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Formerly Asian Association of Schools of Business International organized 2011 under the laws of the State of Delaware for the improvement, accreditation and promotion of schools of business worldwide on this .

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    Surging Graduates. Number of college graduates
    increased seven-fold from 2001 to 2017. Source: eol.cn
     

    Wages for China's 2017 · 7.95 Million · College Graduates Are Plunging."Wages for China’s newest college graduates are plunging even as their ranks rise to a record. That’s unwelcome news for the nation’s young elite, but it may aid policy makers striving to shift the economy into higher technology industries and services."
        Monthly salaries plummeted 16 percent to 4,014 yuan ($590) this year for a second-straight annual decline, data from recruitment site Zhaopin.com show. The Ministry of Education estimates that 7.95 million will graduate this year, almost the population of Switzerland."
       ""When you walk into a bank here, even the counter women are highly qualified," says Song Yu, chief China economist at Beijing Gao Hua Securities Co., Goldman Sachs Group Inc.’s mainland joint-venture partner in Beijing.

    "Downward pressure on professional salaries also may spill out beyond China’s borders. Technology-enabled globalization of services lets professional work flow unimpeded around the world, and while services historically have been provided in person, that’s less true of modern finance, accounting, or consulting, according to Yale University’s Stephen Roach." — More at Bloomberg News 02 June 2017.


     

    Just 14 per cent of Americans have “a great deal of confidence” in universities.A survey conducted between December 2013 and January 2014 found that a higher proportion (19 per cent) reported a great deal of confidence in the scientific community specifically, lagging behind the military (26 per cent), but performed better than the US Congress (3 per cent). The level of trust in higher education varied significantly according to race, religion and political ideology. "For example, 30 per cent of those who identified as “extremely liberal” and just 5 per cent of those who identified as “extreme conservatives” said that they had a great deal of confidence in universities. Trust in higher education is also low among some religious groups, including Jews, Mormons and evangelicals." Donald Trump’s election and the appointment of Betsy DeVos as education secretary may have resulted in a decrease in confidence among liberals and an increase among conservatives. — By Ellie Bothwell Times Higher Education 1st May 2017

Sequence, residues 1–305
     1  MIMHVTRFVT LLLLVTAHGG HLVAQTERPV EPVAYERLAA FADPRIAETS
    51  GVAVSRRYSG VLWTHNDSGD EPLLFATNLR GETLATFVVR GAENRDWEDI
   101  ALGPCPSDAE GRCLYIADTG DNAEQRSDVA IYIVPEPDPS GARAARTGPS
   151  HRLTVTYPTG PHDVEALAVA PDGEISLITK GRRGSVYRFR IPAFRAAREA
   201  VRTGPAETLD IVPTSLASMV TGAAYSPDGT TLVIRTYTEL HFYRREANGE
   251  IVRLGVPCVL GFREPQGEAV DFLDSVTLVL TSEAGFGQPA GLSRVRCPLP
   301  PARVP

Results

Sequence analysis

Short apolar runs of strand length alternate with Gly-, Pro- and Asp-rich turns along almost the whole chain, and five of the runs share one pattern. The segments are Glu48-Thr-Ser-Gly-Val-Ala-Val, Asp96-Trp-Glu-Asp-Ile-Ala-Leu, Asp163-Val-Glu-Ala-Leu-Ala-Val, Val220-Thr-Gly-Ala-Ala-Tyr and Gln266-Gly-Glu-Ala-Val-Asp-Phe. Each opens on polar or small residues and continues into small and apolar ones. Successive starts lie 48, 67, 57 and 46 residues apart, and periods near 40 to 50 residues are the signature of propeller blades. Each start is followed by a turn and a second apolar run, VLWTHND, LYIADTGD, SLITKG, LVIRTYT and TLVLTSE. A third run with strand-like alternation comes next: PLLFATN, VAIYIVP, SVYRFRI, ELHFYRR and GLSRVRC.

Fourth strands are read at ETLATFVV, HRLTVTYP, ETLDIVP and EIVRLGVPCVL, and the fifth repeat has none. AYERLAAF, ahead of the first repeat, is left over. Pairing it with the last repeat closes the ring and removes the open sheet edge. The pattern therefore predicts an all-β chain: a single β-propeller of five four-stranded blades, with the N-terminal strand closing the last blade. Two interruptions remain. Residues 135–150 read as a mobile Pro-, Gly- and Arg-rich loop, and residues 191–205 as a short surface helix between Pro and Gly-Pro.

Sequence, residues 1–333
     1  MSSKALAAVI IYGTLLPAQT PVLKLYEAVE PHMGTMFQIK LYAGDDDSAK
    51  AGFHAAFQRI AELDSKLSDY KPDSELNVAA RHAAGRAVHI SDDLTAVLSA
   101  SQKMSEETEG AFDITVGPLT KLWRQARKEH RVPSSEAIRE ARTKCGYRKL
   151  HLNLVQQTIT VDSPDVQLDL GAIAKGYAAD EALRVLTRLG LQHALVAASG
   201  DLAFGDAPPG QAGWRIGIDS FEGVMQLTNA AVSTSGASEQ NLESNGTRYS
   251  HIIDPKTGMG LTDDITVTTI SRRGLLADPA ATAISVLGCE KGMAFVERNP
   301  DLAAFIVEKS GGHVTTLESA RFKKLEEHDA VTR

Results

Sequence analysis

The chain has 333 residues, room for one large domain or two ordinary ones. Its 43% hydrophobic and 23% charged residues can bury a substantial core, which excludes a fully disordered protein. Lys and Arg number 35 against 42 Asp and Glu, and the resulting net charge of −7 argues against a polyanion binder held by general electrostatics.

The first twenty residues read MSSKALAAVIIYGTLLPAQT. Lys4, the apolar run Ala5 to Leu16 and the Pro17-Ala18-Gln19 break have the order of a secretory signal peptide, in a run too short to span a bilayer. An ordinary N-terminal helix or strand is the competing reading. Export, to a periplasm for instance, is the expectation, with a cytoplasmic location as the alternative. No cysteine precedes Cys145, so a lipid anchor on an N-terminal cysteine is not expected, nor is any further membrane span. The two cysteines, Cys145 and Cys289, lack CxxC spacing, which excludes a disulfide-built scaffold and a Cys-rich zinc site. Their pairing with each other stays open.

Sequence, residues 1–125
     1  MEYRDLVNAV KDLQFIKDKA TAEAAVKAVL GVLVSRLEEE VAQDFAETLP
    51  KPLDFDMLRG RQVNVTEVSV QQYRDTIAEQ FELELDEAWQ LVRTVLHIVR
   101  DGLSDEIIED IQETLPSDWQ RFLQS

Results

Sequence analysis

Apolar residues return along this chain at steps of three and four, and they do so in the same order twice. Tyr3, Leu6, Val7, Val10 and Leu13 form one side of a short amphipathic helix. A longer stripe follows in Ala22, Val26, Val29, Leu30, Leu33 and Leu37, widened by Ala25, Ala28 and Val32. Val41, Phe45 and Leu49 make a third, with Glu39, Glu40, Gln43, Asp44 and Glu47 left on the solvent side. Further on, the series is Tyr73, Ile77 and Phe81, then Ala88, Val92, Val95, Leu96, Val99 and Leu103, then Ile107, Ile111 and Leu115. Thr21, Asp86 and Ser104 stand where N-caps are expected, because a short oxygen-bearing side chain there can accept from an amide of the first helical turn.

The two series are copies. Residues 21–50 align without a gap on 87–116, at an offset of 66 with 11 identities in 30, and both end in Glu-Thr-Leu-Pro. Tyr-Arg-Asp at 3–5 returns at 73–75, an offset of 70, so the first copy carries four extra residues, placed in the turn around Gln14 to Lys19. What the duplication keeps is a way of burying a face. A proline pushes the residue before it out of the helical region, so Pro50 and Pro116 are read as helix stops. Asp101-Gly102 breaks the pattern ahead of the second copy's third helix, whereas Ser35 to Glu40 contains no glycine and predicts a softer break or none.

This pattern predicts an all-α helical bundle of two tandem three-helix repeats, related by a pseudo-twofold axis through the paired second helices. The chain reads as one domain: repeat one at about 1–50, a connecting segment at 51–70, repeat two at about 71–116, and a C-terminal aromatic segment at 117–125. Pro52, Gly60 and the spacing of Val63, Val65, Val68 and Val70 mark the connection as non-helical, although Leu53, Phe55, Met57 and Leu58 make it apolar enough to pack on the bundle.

Amazon’s shopping spree at business schools. One of the biggest recruiters of MBA graduates.Miriam Park's university recruitment team last year hired MBA graduates “in the high hundreds” across the world, about 30 per cent higher than the previous 12 months at MBA levels.

    “I don’t foresee that growth rate slowing down any time soon,” she says. "Starting salaries at Amazon range from $137,000 for a programme manager to $180,000 for a senior product manager, including signing bonuses. This compares with an average for consultancy positions of $165,000, and $170,000 for those taking jobs at investment banks." — “They’re fairly adaptable, they have a high level of what I would call ability to deal with ambiguity. Couple that with MBAs who have a great analytical bent and it’s the perfect pipeline.” Amazon needs people who can develop strategy, manage project teamns and create new services. — Amazon is a partner company on U of Michigan Ross School of Business' Multidisciplinary Action Project, a core part of the school’s MBA course. — By Jonathan Moules Financial Times 27 March 2017.


     

    Accreditation inflation — For students spending $100,000 on an MBA, accreditation may be reassuring. Politecnico di Milano School of Management (MIP) — Financial Times European Business School Rankings 2016 #42 — has collected three, going on four: (1) ASFOR, the Italian management education body. the (2) EFMD European Foundation for Management Development EQUIS,